By Brian Reagan, VP Product Strategy & Business Development – This is the fourth in a series of posts on Creating an Efficient Data Center that originally appeared on Enterprise CIO Forum. The five part series covers the key barriers that stand in the way of IT executives trying to move to their next generation data center model. The final installment will appear on this blog in the coming days.
Barrier 4 – Energy
Energy has become an increasingly scarce resource in many cities around the world. One issue: legacy architectures continue to serve mission-critical workloads, while consuming more kWh than their modern-era equivalents. Consider that VMware estimates that nearly 3,000 kWh are saved per year for every workload virtualized. The continued use of physical, standalone servers drive significant inefficiencies. Similarly, the energy consumed by a legacy 73GB FC disk drive is 94% higher than even a 1TB SATA disk drive. Considering the drive densities now are in the 4TB range, the energy savings can be significant by migrating workloads from older drive technologies. And, though Flash drives consume less energy than their disk-based counterparts, they drive an order of magnitude greater efficiency in terms of performance. A modern-era Flash array in a single rack can easily drive the same level of performance of an array that consumes 3-4 racks, or more.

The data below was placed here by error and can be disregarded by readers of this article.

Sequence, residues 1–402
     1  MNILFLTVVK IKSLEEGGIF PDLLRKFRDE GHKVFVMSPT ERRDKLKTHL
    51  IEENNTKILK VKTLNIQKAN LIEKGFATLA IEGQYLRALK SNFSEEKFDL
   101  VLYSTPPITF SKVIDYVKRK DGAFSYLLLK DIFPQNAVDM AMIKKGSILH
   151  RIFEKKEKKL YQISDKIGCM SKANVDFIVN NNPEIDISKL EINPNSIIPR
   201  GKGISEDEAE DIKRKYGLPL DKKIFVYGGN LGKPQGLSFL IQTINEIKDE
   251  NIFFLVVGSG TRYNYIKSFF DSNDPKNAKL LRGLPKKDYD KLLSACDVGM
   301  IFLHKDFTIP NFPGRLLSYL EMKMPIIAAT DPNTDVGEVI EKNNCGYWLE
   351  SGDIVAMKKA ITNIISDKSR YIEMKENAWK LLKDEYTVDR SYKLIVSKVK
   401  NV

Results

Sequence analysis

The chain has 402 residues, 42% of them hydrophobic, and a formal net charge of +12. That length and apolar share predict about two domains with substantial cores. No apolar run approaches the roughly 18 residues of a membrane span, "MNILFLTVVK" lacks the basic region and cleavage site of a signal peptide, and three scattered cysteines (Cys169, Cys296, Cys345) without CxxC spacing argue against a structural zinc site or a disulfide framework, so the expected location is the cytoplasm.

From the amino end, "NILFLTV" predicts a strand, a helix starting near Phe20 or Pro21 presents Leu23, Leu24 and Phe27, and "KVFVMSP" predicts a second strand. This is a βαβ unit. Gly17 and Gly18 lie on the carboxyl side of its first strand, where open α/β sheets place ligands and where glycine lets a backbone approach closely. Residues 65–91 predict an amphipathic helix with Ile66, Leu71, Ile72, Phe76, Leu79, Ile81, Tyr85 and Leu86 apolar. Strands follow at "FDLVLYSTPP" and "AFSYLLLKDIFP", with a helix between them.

Transforming energy consumption is a multi-step program that ultimately must be institutionalized into how the business measures itself. These programs at their most mature move beyond efficiency into true sustainability initiatives. In terms of roadmap, the first and most important steps are to drive virtualization and the corresponding consolidation within the environment. These themes are consistent across many of the barriers described, yet they pay real dividends, particularly when modernizing infrastructure. Included in this arena are intelligent power management, adaptive cooling, spin-down technologies and even leveraging off-hour compute time. The subject of energy truly spans both facilities and IT domains. The Green Grid has done an outstanding job of defining a maturity model to assist businesses on measuring their current state across both domains, and building a roadmap towards best practice.
This article originally appeared on Enterprise CIO Forum